Massey experts help farmers fight cow cress and erosion

Expert advice from two Massey University academics is helping farmers in the Kahahakuri catchment to tackle cow cress invasion and stream bank erosion.

 

Farmers in the Kahahakuri catchment have collaborated with Hawke’s Bay catchment collective Tukituki Land Care (TLC) to address issues of cow cress and stream bank erosion, which are impacting waterways in the catchment.

Following site visits and the engagement of experts from across Aotearoa New Zealand, a recent presentation at the Ongaonga Community Hall unveiled findings and charted a course of action.

Local farmer and chair of the Kahahakuri Catchment Group Andy Gunson says, “We are looking for effective solutions to protect our waterways. We are keen to hear from anyone who is dealing with cow cress on their properties so we can understand the extent of the problem across the wider Tukituki catchment.”

Cow cress, also known as water celery, is an invasive species similar to watercress, but with a larger leaf and an unpleasant bitter taste. It is identified as a pervasive threat across the catchment, encroaching upon tributaries and streams. Farmers are concerned about its adverse effects on stream health and the heightened risk of flooding and damage due to the bulk of the weed.

It is understood that cow cress arrived in the catchment about eight years ago, but over the last five years local farmers have observed a concerning proliferation, likely caused by milder winters, legislation around the fencing of waterways and elevated nitrogen.

Bank erosion and shingle accumulation have also emerged as significant challenges, leading to rapid land loss in areas of the catchment. The severity of the erosion, evident from aerial photos and LiDAR analysis, underscores the urgency of considered management to safeguard agricultural lands and water resources.

To address these concerns, the Kahahakuri catchment group secured a grant from TLC to investigate the best course of action to control cow cress and mitigate erosion. TLC is working closely with the catchment on this project and has partnered with Access to Experts (A2E), a complimentary service established by the Ministry for Environment which facilitates connections between catchment groups and freshwater specialists.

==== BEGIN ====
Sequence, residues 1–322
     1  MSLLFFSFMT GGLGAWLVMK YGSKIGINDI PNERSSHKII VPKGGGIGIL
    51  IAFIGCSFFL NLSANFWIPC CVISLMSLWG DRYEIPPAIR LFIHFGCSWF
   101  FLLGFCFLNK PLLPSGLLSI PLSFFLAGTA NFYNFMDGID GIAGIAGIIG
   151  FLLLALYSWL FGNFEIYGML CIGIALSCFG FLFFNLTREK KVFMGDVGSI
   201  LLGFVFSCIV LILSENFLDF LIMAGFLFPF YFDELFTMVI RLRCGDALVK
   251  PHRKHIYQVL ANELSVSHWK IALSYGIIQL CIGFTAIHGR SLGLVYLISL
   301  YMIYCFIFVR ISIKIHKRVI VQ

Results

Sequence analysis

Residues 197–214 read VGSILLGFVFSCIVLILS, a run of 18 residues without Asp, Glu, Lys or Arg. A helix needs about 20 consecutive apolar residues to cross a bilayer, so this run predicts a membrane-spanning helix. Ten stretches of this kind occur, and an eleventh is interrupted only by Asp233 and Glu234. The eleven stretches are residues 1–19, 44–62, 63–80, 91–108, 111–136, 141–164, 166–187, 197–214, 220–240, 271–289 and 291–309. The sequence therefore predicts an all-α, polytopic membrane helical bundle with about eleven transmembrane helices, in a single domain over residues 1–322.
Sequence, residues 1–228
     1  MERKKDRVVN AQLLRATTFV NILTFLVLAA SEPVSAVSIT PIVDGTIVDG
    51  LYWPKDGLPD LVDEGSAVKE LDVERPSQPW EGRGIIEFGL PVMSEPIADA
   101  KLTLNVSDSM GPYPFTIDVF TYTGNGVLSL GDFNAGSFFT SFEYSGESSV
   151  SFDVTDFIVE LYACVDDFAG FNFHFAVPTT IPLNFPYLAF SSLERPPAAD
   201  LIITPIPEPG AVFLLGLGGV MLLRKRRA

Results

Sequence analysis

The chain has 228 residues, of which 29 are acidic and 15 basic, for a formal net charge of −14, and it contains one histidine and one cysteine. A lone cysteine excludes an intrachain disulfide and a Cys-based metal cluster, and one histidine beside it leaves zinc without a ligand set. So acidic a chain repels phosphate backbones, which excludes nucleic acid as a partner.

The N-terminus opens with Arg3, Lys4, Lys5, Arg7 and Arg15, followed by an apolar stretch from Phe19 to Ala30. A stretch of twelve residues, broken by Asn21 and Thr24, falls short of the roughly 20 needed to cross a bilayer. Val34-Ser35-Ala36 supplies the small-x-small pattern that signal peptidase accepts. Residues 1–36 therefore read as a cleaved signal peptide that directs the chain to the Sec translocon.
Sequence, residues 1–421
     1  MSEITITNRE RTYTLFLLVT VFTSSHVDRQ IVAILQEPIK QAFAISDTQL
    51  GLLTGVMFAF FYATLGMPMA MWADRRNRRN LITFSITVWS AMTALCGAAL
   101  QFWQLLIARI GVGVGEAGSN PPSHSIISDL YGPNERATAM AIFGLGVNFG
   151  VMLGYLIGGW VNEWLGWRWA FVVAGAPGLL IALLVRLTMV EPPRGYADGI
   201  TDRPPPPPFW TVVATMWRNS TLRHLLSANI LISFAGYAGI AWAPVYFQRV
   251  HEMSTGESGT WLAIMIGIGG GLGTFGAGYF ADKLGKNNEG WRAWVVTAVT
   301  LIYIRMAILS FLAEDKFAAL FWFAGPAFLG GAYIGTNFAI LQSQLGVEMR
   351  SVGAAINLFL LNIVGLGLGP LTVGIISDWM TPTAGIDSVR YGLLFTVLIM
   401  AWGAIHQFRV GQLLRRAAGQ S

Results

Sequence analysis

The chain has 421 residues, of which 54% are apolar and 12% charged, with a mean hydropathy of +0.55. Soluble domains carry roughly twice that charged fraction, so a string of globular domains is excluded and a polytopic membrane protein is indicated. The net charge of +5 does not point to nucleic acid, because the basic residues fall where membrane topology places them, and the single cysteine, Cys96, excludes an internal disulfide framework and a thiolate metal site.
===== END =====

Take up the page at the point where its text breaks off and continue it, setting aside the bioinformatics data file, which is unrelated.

A2E provides 42 hours of assistance dedicated to the project, through the advice of Massey University experts Associate Professor Ranvir Singh and Professor Ian Fuller.

Dr Singh and Professor Fuller have visited farms in the catchment to see the extent of the issues and come up with a proactive management plan. At a recent presentation in Ongaonga, farmers were invited to hear from the Massey experts, alongside Richard Frizzell from Nelson City Council, who shared insights from his ongoing endeavours to combat cow cress in the Nelson area.

Professor Fuller, who has been investigating erosion in the catchment, went back to basics, looking at the nature of the water channel to help explain why imbalances in the system are leading to erosion. The stream in some places is deeply entrenched and is both cutting down and migrating laterally. Bank protection, riparian planting and rock riffles as a means to counteract erosion are less likely to cope with the power of flood water in constrained channels.

Instead, he suggested the stream be considered at a catchment level and the system mapped in detail to show critical zones and priority areas.

The battle with cow cress is likely to be a long-term effort requiring a combination of chemical and riparian control methods.

Dr Singh says the spread of cow cress appeared abundant in the visited farm drains and streams.

“Cow cress appears to favour nutrient-rich environments but is intolerant to dense shading. A coordinated and consistent effort with tools such as targeted spraying, riparian planting, and mitigation of nutrient losses should help reduce and manage its growth in the streams.”

He also presented several novel edge-of-field nutrient loss mitigation practices to the group including managed drainage, woodchip bioreactor and runoff detainment bunds.

To find out more about this project and how Tukituki Land Care is supporting other Tukituki sub-catchment groups, go to www.tukitukilandcare.org.

Sources:  Tukituki Land Care and Massey University

Author: Bob Edlin

Editor of AgScience Magazine and Editor of the AgScience Blog